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“America’s Mailing Industry” explores the 200 year-old partnership between private industry and the United States Postal Service, who together provide efficient and effective communication and commerce channels to consumers and businesses across the United States and the world. Stories of “America’s Mailing Industry” focus on how companies, entrepreneurs and multi-generational family businesses – in partnership with the U.S. Postal Service – helped to enhance and grow the commerce and communications channels in the United States. Inventors and innovators will be explored and showcased from all major components of the industry.
Learn how the U.S. Post Office Department created the framework for America's commercial aviation industry. From 1918-1926, a few daredevil pilots and some aging aircraft made history and bound the country together by air.
American Sports and Athletes on Stamps
This virtual exhibition highlights several different sports, professional and amateur athletes, and monumental moments in American athletics as depicted on U.S. postage stamps.
Collecting stamps of your family’s ancestral homelands offers insights into your own family’s past and experiences, and so they teach you something about your own heritage. Collectors share their stories here.
Organizations such as the National Grange, the National Farmers’ Congress and State Farmers’ Alliance were all pushing for a free rural delivery system by the early 1890s. The struggle pitted farmer and rural associations against some Members of Congress who feared providing free delivery for the nation’s still rural-based population would be too expensive.
On November 22 1963, America's 35th President, John F. Kennedy, was assassinated in Dallas, Texas. To commemorate this tragic and pivotal event of the 20th century, the National Postal Museum has created this mini-exhibit highlighting different postage stamps with connections to President Kennedy's life and legacy.
When I came to the National Postal Museum in 2002 I was familiar with the museum’s work and reputation. What I did not yet realize was that the museum’s collections held such a great variety of objects. Nor had I realized just how magnificent many of these item were, not only those on exhibit, but also those in storage behind the scenes. In honor of the museum’s 15th anniversary I have selected 15 of my favorite items from the collection.
—Allen Kane, Former Director, National Postal Museum
The National Postal Museum devised this virtual exhibition with the dual purpose of telling the story of Owney and allowing contemporary cachet artists the opportunity to showcase their artwork to the public, inspiring new collectors.
In celebration of the National Postal Museum's fifteenth anniversary, this exhibit uses 15 items in the National Postal Museum's collections to examine important developments in the history of the U.S. postal system.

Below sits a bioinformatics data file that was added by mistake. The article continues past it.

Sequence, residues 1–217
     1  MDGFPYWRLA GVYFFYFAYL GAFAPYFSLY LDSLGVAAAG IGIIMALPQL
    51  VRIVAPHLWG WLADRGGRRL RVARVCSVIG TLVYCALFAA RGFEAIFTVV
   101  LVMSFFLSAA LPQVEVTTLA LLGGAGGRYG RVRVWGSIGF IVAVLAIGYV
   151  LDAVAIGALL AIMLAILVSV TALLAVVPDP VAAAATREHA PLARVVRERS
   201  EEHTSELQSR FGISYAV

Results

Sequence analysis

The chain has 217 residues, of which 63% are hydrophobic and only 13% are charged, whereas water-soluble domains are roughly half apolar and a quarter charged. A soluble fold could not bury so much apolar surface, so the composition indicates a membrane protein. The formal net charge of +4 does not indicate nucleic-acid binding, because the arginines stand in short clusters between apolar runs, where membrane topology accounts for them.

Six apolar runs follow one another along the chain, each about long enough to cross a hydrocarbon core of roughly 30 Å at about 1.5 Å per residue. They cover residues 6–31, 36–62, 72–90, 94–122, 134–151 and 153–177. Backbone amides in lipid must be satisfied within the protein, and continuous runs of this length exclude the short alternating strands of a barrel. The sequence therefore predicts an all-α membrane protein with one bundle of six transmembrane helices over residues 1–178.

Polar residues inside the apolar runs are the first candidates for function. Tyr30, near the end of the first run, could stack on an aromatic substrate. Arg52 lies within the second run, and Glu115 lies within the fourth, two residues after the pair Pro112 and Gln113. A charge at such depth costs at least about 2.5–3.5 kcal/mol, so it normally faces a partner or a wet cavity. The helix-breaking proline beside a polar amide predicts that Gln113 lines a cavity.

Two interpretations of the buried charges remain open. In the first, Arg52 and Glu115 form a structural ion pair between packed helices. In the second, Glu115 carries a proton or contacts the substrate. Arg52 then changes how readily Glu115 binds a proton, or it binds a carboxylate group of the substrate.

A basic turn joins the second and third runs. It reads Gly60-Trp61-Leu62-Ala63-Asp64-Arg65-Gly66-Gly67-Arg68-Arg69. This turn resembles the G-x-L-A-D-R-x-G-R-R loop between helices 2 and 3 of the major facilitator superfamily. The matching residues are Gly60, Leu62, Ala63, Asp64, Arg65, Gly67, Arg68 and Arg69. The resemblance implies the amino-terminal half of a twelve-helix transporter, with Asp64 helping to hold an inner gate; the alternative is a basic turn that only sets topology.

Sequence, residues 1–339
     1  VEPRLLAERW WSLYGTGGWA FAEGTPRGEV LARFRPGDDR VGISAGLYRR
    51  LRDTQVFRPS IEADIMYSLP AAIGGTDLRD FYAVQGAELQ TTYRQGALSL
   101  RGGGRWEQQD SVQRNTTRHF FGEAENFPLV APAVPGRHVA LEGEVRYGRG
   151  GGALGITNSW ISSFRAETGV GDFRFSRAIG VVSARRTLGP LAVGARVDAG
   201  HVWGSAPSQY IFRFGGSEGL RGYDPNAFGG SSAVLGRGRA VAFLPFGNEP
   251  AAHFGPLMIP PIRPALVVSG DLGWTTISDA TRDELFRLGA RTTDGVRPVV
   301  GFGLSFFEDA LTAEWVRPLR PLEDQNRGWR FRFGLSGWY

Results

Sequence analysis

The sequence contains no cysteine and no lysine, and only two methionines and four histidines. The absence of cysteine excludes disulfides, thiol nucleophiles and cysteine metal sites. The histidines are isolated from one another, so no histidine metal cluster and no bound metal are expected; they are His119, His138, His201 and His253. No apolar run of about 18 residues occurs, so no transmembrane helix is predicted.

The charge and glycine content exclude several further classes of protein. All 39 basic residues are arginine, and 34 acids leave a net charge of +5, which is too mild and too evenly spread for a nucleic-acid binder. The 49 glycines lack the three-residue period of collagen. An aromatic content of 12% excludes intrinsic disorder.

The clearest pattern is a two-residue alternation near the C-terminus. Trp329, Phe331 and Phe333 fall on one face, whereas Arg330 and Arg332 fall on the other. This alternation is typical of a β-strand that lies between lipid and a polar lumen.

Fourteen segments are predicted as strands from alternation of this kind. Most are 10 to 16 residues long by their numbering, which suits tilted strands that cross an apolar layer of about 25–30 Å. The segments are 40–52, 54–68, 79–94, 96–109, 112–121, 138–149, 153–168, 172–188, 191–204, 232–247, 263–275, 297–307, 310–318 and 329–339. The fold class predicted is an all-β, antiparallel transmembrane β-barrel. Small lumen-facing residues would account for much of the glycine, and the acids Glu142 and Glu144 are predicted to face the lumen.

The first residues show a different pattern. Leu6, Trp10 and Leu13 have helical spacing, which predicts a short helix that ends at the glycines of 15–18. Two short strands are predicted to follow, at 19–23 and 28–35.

American Military History Through Stamps (1775-1913)
This virtual exhibition showcases major events in American military history from the start of the American Revolution through the Spanish-American War.
Many of the people and places mentioned in Dan Brown's THE LOST SYMBOL appear on U.S. postage stamps. Without revealing Brown’s plot, this philatelic narrative showcases stamps that fall into this genre.
Celebrating NASA & Apollo 11 Through Stamps
To commemorate the fortieth anniversary of the Apollo 11 Moon landing, the National Postal Museum, in partnership with the National Air and Space Museum, has created an online exhibit featuring space related objects from the collections of both museums. These objects highlight a narrative of NASA accomplishments leading up to the Moon landing and beyond.
The G.H. Kaestlin Specialized Collection
This virtual exhibition is presented by both the National Postal Museum and the U.S. Department of State Bureau of International Information Programs. It shows one of the three best museum Russian stamp collections in the world.
The Jeanette C. Rudy Duck Stamp Collection
The lovely, alluring duck stamps have captivated many collectors, including Jeanette Cantrell Rudy. The indomitable Mrs. Rudy, however, occupies a niche all her own. Over a fifty-year span, she assembled the hobby’s foremost collection. This exhibit features a sampling of the collection’s premier items, including the first duck stamp ever sold, errors, artist-signed issues, and remarques.
The 400th anniversary of Christopher Columbus’s initial landing in the “New World” provided Chicagoans with an occasion to reflect, to celebrate, and to memorialize the adventurous Italian navigator. Though financial and construction problems postponed the celebration for one year, in 1893 city leaders hosted a magnificent international exhibition to commemorate both Columbus and the nation’s progress over those four centuries—the 1893 World’s Columbian Exposition. In keeping with the exposition’s celebratory theme, the U.S. Post Office Department issued the nation’s first commemorative stamps, the “Columbians”.
Though difficult to believe, the beginnings of the modern civil aviation industry lie within the Post Office. Indeed, it was airmail that started the United States on its way to the system of airports and airways that millions of Americans travel on a daily basis.
The Confederate government in Richmond, Virginia, assumed control over the economic, political, and military life of the South. The Confederacy solved the problem of moving mail by creating its own postal service.